I don’t miss TV but that doesn’t mean the show’s over. (Part II)

March 27, 2009

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Whether TV is dying, I suppose, is debatable. But it certainly is changing, as are all mass media. Which got me to thinking…

I already said I don’t miss TV but that doesn’t mean I’ve rid it from my life. Given I have ten of them in my house, I can hardly be called an abolitionist.

We still make TV commercials at our agency. I still love the craft of making them. For that matter, I came very close to selling my first novel, The Last Generation to Touchstone Television for a possible series. I helped all I could on my good friend’s TV show “Trust Me.” TV is part of my life as it is part of everyone’s life.

So, let me rephrase the point: I don’t miss TV as a primary part of my life. Having the Bears game on in the background while I read the paper. Watching Sportscenter while I jog on the treadmill. Waking up to Sponge Bob with my children. Yes to all of that. Yes to TV.

The key here is that TV is not a primary part of these vignettes. It has moved out of the living room and into the background. It has become a secondary or even more distant player in my life.

Other mass media have evolved (devolved?) similarly. Radio started out as a communication tool and quickly grew to be an important part of household entertainment. TV came along and took its place in the family room. Radio quickly moved into the automobile, where it still plays a meaningful role today. I’m guessing, before long, it will end up where it began: as a communication tool.

And what about newspapers and magazines? Their imminent demise is even more speculated than television. Clearly the Internet is forcing their hand. But they will not fold. Mass media will merely recede as it evolves, occupying peripheral space as opposed to front and center.

In other words, it doesn’t go away but it becomes less than it was. For advertisers, that means no more paying out the nose for commercials (production and media). The rise of so-called “virals” has already cheapened the form. Agencies will have to adjust accordingly. The smart ones already are.

8 Responses to “I don’t miss TV but that doesn’t mean the show’s over. (Part II)”

  1. jim schmidt said

    the late great david foster wallace threw away his tv after he realized that it never really gave him any joy. much of mass media is mere clutter that keeps us from the important things in life–family, friends, the struggle to become become better people.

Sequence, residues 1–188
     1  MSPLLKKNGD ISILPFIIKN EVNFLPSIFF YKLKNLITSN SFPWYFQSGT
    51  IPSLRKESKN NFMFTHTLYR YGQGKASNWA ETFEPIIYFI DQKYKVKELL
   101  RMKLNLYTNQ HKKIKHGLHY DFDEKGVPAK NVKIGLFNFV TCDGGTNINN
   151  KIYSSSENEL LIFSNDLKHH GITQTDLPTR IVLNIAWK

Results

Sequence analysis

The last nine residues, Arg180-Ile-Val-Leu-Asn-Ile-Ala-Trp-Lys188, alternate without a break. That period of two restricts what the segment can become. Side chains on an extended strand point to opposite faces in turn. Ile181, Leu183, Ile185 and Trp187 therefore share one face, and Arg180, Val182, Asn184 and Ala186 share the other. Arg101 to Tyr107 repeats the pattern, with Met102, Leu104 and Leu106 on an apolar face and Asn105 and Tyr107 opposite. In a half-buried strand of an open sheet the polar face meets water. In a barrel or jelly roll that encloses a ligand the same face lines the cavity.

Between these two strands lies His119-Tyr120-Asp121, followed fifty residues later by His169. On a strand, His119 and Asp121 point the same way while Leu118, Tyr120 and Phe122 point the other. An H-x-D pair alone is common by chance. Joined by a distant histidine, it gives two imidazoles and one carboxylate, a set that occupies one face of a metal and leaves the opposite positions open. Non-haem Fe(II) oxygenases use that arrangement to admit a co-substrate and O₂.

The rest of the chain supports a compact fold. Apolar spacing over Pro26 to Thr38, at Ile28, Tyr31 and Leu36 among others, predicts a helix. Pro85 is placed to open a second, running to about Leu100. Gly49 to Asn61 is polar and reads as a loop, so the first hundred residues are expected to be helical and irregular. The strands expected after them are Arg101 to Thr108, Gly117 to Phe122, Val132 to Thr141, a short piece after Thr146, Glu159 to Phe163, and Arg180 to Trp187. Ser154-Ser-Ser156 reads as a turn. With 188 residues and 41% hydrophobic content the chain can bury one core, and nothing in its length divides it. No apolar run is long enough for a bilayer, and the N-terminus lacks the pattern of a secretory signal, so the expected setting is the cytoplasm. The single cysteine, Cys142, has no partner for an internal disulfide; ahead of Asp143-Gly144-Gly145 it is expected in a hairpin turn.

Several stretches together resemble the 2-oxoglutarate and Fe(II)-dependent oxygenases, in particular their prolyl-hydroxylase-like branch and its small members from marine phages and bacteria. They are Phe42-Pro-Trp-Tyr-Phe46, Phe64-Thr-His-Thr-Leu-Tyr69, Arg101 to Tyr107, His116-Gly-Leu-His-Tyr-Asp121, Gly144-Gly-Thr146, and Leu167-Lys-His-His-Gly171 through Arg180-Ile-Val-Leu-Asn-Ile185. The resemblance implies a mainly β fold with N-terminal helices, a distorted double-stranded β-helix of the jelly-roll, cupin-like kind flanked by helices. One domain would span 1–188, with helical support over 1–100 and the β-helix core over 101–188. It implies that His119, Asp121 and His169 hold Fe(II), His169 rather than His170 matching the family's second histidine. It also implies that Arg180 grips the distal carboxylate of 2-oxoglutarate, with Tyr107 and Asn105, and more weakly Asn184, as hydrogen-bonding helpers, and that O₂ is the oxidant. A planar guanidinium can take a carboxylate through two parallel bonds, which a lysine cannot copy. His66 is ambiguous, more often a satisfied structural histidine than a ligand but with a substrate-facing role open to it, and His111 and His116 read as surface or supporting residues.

2. SRP said

    Jim-
    You mention DFW all the time.
    Could you please give readers (and me) the definitive text from the author -or a great way to begin reading him?
    Thanks!

  3. dutch lumpke said

    A great way to start is with some of his essays. Try “Consider the Lobster”.

  4. I think DFW’s essays are better than his novels, though I really enjoyed the novels Infinite Jest and Girl With Curious Hair.

    “Brief Interviews Wiht Hideous Men” is a good short story collection, and one of them has pretty profoundly affected my outlook on life.

    “A Supposedly Fun Thing I’ll Never Do Again” is his first collection of essays, and is exceptional. Haven’t read “lobster.”

  5. Andy Webb said

    With big-screen TVs providing a theater experience that’s hard to match in any other medium, I can’t see TV fading too far into the periphery.

    Maybe it will shift to more of a subscription or on-demand model with zero or limited advertising…

  6. jim schmidt said

    the others have already chimed in with great suggestions. “a supposedly fun thing i’ll never do again” is brilliant. as is “consider the lobster.” his 1000 page novel “inifinite jest” tackles, among many other things, the subject of mass communications–in foster’s world years are actually sponsored by companies–ie, the year of the depend adult undergarment, etc. be warned–he hates things such as advertising and marketing–sees them as shallow pursuits by people who are not really trying very hard to do something worthwhile with their lives. but his writing is electric.

  7. SRP said

    Thanks all-
    I must say I hadn’t read DFW but I will now put him in my next Amazon basket.
    FYI: I see there is finally a great bio on Cheever, which will also make it on the next order.
    anyone for Happy Soul Industry? I hear it’s great, despite the author being a schmo.

  8. In 2000, DFW traveled with McCain’s campiagn to explore whether he really was a “Maverick” or if that was just window dressing on a typical Republican. The article he wrote was supposed to be in Rolling Stone, but it was too long, so it was published in book form.

    I haven’t read it, but it sounds pretty great.

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